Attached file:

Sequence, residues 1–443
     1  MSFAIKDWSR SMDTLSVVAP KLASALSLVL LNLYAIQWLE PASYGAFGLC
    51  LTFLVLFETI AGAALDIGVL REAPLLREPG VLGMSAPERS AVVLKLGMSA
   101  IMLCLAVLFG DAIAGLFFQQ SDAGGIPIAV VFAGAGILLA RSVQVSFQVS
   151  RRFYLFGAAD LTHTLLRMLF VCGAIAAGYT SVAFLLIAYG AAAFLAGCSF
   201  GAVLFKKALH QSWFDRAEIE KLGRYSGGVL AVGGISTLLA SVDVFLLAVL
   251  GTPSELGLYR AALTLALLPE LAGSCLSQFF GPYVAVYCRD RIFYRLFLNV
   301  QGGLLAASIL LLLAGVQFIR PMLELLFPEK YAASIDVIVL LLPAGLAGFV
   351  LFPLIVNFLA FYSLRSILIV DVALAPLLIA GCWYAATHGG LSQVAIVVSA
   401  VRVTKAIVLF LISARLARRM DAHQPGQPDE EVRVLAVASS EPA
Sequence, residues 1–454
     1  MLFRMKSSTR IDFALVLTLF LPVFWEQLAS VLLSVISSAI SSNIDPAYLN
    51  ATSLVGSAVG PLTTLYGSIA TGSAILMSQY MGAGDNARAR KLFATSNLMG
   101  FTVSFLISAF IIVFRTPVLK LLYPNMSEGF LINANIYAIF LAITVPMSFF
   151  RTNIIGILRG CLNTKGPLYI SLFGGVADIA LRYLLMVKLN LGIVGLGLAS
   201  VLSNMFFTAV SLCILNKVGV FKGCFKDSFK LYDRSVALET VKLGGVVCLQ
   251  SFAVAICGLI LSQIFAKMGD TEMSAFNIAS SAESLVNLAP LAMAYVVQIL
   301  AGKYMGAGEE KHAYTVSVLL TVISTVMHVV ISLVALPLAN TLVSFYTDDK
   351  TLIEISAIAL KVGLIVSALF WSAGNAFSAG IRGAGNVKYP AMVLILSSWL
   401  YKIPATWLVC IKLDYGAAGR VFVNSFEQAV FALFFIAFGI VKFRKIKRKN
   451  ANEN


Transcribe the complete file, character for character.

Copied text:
Sequence, residues 1–443
     1  MSFAIKDWSR SMDTLSVVAP KLASALSLVL LNLYAIQWLE PASYGAFGLC
    51  LTFLVLFETI AGAALDIGVL REAPLLREPG VLGMSAPERS AVVLKLGMSA
   101  IMLCLAVLFG DAIAGLFFQQ SDAGGIPIAV VFAGAGILLA RSVQVSFQVS
   151  RRFYLFGAAD LTHTLLRMLF VCGAIAAGYT SVAFLLIAYG AAAFLAGCSF
   201  GAVLFKKALH QSWFDRAEIE KLGRYSGGVL AVGGISTLLA SVDVFLLAVL
   251  GTPSELGLYR AALTLALLPE LAGSCLSQFF GPYVAVYCRD RIFYRLFLNV
   301  QGGLLAASIL LLLAGVQFIR PMLELLFPEK YAASIDVIVL LLPAGLAGFV
   351  LFPLIVNFLA FYSLRSILIV DVALAPLLIA GCWYAATHGG LSQVAIVVSA
   401  VRVTKAIVLF LISARLARRM DAHQPGQPDE EVRVLAVASS EPA
Sequence, residues 1–454
     1  MLFRMKSSTR IDFALVLTLF LPVFWEQLAS VLLSVISSAI SSNIDPAYLN
    51  ATSLVGSAVG PLTTLYGSIA TGSAILMSQY MGAGDNARAR KLFATSNLMG
   101  FTVSFLISAF IIVFRTPVLK LLYPNMSEGF LINANIYAIF LAITVPMSFF
   151  RTNIIGILRG CLNTKGPLYI SLFGGVADIA LRYLLMVKLN LGIVGLGLAS
   201  VLSNMFFTAV SLCILNKVGV FKGCFKDSFK LYDRSVALET VKLGGVVCLQ
   251  SFAVAICGLI LSQIFAKMGD TEMSAFNIAS SAESLVNLAP LAMAYVVQIL
   301  AGKYMGAGEE KHAYTVSVLL TVISTVMHVV ISLVALPLAN TLVSFYTDDK
   351  TLIEISAIAL KVGLIVSALF WSAGNAFSAG IRGAGNVKYP AMVLILSSWL
   401  YKIPATWLVC IKLDYGAAGR VFVNSFEQAV FALFFIAFGI VKFRKIKRKN
   451  ANEN